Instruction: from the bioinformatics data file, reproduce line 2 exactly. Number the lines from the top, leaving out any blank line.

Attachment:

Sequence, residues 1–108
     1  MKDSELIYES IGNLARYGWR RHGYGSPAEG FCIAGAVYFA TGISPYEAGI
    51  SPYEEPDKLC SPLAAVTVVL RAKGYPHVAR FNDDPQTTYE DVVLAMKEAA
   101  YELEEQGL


     1  MKDSELIYES IGNLARYGWR RHGYGSPAEG FCIAGAVYFA TGISPYEAGI